And to goose its dynamic profile, we’d also add three-mode-adaptive shocks (a $1,360 package), a torque-vectoring system ($1,490), and the Sport Chrono package ($1,290). The adjustable dampers give the Macan more roll stiffness, while the torque-vectoring setup gives the rear wheels the ability to draw down torque on the inside wheel via an electronically controlled locking differential across the rear axle. Sport Chrono adds a lap timer to the gauges, a launch-control mode, and quicker execution for shifts and throttle inputs. All combine with Porsche Traction Management (PTM), which sends torque to the rear wheels at all times, and varies its torque split back to front, with the capability to send all of it to the fronts.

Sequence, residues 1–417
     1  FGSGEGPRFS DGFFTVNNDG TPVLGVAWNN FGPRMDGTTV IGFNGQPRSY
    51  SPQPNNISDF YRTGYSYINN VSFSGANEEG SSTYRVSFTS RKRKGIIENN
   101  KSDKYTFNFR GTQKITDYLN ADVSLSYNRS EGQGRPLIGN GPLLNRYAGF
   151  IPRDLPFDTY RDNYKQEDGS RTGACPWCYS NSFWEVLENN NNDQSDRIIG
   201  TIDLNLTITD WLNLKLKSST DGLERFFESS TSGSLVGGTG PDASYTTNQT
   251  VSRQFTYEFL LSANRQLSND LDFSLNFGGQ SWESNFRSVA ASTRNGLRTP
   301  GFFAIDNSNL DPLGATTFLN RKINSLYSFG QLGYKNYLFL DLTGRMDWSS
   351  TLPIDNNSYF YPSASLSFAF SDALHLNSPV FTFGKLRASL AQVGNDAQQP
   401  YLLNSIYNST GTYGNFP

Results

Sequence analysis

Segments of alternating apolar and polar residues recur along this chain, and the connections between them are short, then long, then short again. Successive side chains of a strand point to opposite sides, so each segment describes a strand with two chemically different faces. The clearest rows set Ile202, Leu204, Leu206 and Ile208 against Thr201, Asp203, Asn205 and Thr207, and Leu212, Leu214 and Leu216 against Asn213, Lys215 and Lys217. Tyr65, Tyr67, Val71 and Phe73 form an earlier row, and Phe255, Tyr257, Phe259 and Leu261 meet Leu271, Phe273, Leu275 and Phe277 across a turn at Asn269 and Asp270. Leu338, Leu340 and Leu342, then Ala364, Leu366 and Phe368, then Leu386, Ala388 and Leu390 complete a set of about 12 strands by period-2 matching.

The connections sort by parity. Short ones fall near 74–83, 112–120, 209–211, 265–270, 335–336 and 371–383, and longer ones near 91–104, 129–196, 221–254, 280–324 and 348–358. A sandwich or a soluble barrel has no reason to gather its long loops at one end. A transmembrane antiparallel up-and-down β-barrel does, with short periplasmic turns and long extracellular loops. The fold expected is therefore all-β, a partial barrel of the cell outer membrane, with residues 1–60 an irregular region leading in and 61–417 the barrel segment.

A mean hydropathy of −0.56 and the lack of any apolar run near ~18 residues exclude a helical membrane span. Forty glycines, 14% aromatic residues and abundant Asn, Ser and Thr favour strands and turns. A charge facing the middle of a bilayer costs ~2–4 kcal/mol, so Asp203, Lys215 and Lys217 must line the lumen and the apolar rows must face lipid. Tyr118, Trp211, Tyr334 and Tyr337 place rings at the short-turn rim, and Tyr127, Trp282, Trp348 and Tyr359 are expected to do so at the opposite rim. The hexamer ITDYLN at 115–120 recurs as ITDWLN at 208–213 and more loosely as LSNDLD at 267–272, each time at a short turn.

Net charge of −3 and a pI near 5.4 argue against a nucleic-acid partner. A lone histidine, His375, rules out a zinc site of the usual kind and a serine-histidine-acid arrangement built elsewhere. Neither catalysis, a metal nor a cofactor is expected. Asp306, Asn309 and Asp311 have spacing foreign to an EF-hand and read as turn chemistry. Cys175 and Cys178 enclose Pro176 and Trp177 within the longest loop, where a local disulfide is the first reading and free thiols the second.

It handles beautifully, utterly predictable so long as the stability control stays on, steering with precision, landing shifts exactly when they’re called for, settling briskly into corners, powering out with a flicker of torque to the outside wheel. But as strong as it is, the Macan S struggles to keep pace with the Turbo on the 2.3-mile circuit at Leipzig. The Macan Turbo hustles through corners with the liquid flow of mercury. The adaptive dampers are standard; along with Sport Chrono and torque vectoring, an air-spring-and-damper suspension is an option ($2,745, including the adaptive shocks–keep reading). Of course, 60 extra horsepower makes a difference. The Macan Turbo pumps up displacement to 3.6 liters; its V-6 can launch to 60 mph in 4.6 seconds, or 4.4 seconds with Sport Chrono. Top speed is 165 mph. The split between the S and the Turbo doesn’t even span out a full second, but the perception plays out a little differently.